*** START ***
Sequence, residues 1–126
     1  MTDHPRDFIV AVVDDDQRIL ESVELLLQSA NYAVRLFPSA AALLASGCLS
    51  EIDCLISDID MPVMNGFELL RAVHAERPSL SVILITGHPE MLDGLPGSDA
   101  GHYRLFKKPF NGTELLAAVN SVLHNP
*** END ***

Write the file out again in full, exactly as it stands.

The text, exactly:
Sequence, residues 1–126
     1  MTDHPRDFIV AVVDDDQRIL ESVELLLQSA NYAVRLFPSA AALLASGCLS
    51  EIDCLISDID MPVMNGFELL RAVHAERPSL SVILITGHPE MLDGLPGSDA
   101  GHYRLFKKPF NGTELLAAVN SVLHNP